Chaos of the Mind: During Psychotherapy, the Mind May Flow to the Currents of Chaos
Pendick, Daniel, Science News
During psychotherapy, the mind may flow to the currents of chaos
Almost two years after her husband's sudden death, the woman sought counseling and embarked on a series of weekly psychotherapy sessions to quell the unusually prolonged aftershocks of her loss. She also agreed to participate in a new study charting the flow of thoughts and emotions that people experience when-talking to their therapists.
During the woman's sessions at the Langley Porter Psychiatric Institute at the University of California, San Francisco, two researchers monitored complex, seemingly random changes in her heart rate - patterns they believe reflect deep psychological processes.
The scientists, Dana J. Redington and Steven P. Reidbord, are using nonlinear dynamics - better known as chaos theory -- to recover potentially important information that conventional electrocardiogram analysis fails to capture. This marks the first use of nonlinear dynamics to study mind-body states during psychotherapy, Redington says.
Redington, a University of Californi.a, San Francisco, psychophysiologist wellversed in the mathematical art of nonlinear dynamics, hopes this research will yield a new understanding of how people shift between mental states. This may someday help therapists more effectively guide their patients toward recovery, he says.
"We're trying to use physiology - the way patterns in the body occur in time to give us more information about what's going on in the person's head and see how we might use that to make the person more healthy," Redington explains.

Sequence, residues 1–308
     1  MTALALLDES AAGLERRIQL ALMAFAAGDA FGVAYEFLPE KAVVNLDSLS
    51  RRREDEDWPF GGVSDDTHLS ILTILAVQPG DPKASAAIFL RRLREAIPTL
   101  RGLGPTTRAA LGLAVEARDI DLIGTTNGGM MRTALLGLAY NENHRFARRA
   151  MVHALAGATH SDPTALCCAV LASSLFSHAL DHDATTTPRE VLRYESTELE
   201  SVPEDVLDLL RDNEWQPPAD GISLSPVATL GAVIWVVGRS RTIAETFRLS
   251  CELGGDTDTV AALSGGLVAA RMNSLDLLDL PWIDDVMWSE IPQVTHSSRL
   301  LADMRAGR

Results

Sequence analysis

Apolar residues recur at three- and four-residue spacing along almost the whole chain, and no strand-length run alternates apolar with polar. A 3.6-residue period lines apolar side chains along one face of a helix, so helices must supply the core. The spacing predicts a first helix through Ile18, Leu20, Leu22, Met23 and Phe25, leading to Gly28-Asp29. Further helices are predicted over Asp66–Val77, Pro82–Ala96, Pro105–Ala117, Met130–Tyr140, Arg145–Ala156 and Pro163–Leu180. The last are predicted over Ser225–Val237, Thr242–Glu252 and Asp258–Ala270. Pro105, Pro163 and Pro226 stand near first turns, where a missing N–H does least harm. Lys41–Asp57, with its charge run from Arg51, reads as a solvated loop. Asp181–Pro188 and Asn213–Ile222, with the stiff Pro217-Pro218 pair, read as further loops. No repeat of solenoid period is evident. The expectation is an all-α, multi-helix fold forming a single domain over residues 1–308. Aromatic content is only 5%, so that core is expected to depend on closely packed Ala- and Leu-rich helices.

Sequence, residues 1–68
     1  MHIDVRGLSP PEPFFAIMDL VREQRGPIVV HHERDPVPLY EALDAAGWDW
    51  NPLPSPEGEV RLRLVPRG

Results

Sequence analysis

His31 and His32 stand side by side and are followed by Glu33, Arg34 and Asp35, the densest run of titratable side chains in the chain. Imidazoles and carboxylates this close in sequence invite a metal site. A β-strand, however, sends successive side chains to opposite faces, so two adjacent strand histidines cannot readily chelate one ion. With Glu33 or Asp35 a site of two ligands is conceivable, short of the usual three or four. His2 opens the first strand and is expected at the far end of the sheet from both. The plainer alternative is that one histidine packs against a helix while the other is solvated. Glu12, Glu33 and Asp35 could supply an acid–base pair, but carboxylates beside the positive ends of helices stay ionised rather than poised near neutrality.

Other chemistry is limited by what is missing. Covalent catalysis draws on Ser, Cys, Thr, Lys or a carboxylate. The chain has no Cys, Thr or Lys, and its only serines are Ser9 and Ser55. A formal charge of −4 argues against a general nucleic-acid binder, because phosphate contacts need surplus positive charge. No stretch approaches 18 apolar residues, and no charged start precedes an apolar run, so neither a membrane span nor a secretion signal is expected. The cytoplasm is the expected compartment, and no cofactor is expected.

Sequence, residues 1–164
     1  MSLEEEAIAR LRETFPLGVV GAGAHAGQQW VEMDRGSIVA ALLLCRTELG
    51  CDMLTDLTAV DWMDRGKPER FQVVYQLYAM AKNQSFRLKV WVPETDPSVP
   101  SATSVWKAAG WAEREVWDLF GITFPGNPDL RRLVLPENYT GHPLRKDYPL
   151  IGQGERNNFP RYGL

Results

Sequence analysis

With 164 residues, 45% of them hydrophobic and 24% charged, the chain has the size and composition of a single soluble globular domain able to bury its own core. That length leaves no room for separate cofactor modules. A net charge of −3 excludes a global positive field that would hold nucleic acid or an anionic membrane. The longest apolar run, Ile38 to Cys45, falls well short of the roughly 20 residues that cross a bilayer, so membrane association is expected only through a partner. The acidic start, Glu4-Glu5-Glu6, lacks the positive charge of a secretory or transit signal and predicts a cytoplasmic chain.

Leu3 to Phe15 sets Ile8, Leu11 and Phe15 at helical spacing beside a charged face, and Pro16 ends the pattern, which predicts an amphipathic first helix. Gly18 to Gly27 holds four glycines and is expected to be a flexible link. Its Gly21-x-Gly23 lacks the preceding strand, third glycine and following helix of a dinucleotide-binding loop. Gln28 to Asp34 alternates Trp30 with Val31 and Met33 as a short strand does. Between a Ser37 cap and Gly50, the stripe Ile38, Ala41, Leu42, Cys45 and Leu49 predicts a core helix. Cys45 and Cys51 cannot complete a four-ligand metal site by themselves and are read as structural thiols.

Nonlinear dynamics might also provide a sturdy mathematical foundation for psychodynamics, the long-standing theory that people behave and feel in certain ways in response to conflicting psychological forces, says Reidbord, a medical center psychiatrist and former research fellow at Langley Porter.
"If we can analyze in greater detail the moment-by-moment changes, the pushes and pulls, the flow, from one mental state to another, then we will really be doing a better job of describing psychodynamics," Reidbord explains.
Extraordinary claims, perhaps, but then chaos theory is no ordinary way of looking at things. This mathematical construct, which scientists use to explore nature, has gained numerous proponents during the past 20 years, cutting across disciplines as diverse as meteorology, physics, population biology, literary criticism, and, since the early 1980s, psychology
"Chaos" is a somewhat misleading description of the complex, unpredictable, seemingly random behavior that some natural systems exhibit - misleading because this complexity can mask underlying order. Redington cites the computer programs used to generate streams of random numbers (SN: 12/19&26/92, p.422) as an example of seemingly disorderly behavior.
At first glance, these numbers look like the result of a random, patternless roll of the electronic dice. But in reality, the dice are loaded. Analyzed correctly, the numbers reveal a subtle structure that reflects the simple equations at the heart of random number generators. What seems random in this case proves predictable and rule-based.
Redington and a number of other researchers envision the brain -- an exquisitely interconnected bundle of neurons that plays host to human thoughts and feelings -- as a nonlinear system. And although the flow of these thoughts and feelings may seem random at times, the underlying processes that generate them are not, Redington argues.
"Human beings and human behavior are not random phenomena," he explains. "Then there is something controlling the behavior [of the human mind], and that's what we're trying to catch."
Nonlinear dynamics seems ideally suited. "The wonderful thing about nonlinear dynamics is that it's a very good framework to describe complex systems in a very simple and elegant way, That's a lot better than trying to describe what humans do in very simplistic terms. …